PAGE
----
Canada PM shuffles cabinet, ex-justice minister appears unhappy

OTTAWA (Reuters) - Canadian Prime Minister Justin Trudeau on Monday shuffled his cabinet after a senior member quit and quickly had to deny he had demoted his long-serving justice minister, who seemed less than happy with her new job.

Newly appointed president of the Treasury Board Jane Philpott poses for a photo with Prime Minister Justin Trudeau and Governor General Julie Payette during Trudeau's cabinet shuffle, in Ottawa, Ontario, Canada, January 14, 2019. REUTERS/Patrick Doyle

Trudeau made five changes after Scott Brison announced last week he was quitting as president of the Treasury Board, which has overall control of public spending.

The departure of Brison, who said he wanted to spend more time with his family after 22 years in politics, deprives the ruling Liberals of a veteran figure ahead of an October election that could see the party lose its majority in Parliament.

As part of the shuffle Jody Wilson-Raybould moved from the prestigious justice portfolio, where she had been since November 2015 when the Liberals took power, to veterans affairs, traditionally a more junior post.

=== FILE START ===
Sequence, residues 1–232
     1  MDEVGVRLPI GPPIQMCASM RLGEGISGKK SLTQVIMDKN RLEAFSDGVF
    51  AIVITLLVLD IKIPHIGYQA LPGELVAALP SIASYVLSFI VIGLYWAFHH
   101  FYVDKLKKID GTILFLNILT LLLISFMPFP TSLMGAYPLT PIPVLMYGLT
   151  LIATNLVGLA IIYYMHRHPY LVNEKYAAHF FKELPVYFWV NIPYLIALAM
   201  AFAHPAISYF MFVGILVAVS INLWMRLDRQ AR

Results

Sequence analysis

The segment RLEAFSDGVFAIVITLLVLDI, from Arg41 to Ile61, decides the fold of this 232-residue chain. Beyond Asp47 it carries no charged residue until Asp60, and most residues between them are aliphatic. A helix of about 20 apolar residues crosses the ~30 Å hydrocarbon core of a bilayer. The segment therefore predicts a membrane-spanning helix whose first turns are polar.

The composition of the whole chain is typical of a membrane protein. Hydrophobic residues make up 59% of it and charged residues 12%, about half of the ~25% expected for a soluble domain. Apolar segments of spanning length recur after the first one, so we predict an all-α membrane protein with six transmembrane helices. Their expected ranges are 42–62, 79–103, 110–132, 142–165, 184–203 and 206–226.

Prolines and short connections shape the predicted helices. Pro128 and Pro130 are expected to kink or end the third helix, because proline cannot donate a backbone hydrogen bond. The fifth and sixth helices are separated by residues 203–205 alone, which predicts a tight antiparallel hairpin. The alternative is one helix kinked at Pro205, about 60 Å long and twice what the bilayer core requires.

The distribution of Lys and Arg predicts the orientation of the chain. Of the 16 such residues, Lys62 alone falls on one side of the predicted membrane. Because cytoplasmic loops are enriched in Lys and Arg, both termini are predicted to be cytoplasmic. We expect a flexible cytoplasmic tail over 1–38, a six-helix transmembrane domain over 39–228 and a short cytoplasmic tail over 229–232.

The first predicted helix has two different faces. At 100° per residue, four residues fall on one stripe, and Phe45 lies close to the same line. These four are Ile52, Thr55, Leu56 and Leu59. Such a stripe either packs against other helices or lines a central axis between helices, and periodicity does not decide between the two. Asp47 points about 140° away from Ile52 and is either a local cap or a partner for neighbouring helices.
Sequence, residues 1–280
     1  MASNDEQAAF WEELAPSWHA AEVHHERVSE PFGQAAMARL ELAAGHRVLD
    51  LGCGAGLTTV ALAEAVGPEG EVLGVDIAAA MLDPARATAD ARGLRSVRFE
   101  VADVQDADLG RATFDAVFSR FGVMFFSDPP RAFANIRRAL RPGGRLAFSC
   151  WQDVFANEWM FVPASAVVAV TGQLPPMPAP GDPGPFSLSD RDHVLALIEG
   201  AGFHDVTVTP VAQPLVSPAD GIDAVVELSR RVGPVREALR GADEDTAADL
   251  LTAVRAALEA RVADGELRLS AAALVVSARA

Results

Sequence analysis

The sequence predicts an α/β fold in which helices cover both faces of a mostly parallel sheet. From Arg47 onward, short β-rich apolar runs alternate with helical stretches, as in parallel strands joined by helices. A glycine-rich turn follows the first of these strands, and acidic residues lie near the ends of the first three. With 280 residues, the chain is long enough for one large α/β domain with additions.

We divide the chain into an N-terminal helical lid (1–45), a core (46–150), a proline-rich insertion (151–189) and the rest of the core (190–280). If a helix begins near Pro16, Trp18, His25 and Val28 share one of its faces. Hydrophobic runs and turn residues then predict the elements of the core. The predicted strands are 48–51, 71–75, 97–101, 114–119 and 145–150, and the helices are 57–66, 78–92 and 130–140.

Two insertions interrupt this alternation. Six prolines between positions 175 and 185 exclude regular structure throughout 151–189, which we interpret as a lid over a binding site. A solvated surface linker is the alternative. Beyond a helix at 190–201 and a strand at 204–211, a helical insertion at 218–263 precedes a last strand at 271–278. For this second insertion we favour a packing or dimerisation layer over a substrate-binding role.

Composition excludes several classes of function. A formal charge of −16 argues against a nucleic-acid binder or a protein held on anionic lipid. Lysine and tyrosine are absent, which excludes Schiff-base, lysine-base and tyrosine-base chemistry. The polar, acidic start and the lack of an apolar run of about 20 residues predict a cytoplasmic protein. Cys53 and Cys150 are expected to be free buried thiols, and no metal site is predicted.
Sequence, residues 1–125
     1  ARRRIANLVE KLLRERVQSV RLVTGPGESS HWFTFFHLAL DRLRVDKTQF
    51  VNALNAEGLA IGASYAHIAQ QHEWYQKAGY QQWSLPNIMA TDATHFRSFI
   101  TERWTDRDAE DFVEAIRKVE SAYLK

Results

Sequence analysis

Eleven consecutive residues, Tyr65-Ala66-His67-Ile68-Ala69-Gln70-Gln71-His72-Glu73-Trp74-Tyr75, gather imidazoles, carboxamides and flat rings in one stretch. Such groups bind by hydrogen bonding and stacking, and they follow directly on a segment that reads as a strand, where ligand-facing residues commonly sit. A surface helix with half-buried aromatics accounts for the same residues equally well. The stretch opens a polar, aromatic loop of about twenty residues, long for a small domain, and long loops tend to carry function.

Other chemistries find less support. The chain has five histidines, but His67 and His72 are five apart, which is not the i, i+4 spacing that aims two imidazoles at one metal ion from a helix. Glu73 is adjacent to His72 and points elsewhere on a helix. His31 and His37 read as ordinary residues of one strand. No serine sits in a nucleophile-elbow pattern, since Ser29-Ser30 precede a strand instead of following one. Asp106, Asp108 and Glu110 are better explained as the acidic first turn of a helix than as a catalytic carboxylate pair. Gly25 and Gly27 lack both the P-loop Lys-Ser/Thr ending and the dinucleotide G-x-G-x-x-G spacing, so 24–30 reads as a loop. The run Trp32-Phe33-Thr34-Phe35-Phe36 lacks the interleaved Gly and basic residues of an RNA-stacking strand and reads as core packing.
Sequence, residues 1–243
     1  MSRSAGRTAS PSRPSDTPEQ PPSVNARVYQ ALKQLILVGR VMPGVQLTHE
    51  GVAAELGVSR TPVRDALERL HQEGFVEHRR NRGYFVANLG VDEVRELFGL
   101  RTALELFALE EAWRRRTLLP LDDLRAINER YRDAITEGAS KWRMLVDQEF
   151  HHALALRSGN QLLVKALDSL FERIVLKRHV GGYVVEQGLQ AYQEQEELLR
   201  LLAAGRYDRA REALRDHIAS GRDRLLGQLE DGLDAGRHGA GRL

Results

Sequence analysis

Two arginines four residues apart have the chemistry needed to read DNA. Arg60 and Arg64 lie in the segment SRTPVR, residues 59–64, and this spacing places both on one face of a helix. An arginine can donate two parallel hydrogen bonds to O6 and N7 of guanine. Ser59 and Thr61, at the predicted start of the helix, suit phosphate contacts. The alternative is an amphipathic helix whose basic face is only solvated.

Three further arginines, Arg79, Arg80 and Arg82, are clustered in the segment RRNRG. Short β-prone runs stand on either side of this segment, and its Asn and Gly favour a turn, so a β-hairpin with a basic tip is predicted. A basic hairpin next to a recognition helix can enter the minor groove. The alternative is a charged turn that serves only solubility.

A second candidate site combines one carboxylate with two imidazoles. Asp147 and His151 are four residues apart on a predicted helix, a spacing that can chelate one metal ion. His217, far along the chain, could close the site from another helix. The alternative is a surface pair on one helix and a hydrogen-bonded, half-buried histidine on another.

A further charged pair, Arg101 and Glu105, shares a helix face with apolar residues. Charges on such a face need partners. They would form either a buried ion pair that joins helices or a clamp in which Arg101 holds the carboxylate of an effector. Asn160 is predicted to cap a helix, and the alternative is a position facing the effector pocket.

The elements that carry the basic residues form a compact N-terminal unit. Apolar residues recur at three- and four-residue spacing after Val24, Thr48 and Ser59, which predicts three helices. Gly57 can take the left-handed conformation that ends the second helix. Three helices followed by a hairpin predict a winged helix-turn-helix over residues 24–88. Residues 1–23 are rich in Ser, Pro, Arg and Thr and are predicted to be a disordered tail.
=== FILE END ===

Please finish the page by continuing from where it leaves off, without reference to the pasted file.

Wilson-Raybould looked grim during the swearing-in ceremony and later - in a very unusual move - released a statement saying she could not comment about “the many questions and inquiries” as to “why I am no longer the Minister of Justice.”

Trudeau, asked about the apparent demotion, told reporters that her work as justice minister had been exceptional “and now we need someone very strong to deliver for our veterans”.

Wilson-Raybould will replace Seamus O’Regan, who has come in for some criticism for mishandling the sensitive veterans’ file. He goes to the indigenous services portfolio, replacing Jane Philpott, who is the new head of the Treasury Board.

David Lametti will take on the justice portfolio.

Wilson-Raybould represents a constituency in the Pacific province of British Columbia, where the Liberals need to do well in the October election.

Polls suggest that the Liberals - under pressure over their handling of the economy and stalled energy projects - could struggle to maintain their majority. That would leave them in a weaker position, relying on support of other parties to advance their agenda and survive confidence votes.

Reporting by David Ljunggren; Editing by Susan Thomas and Andrea Ricci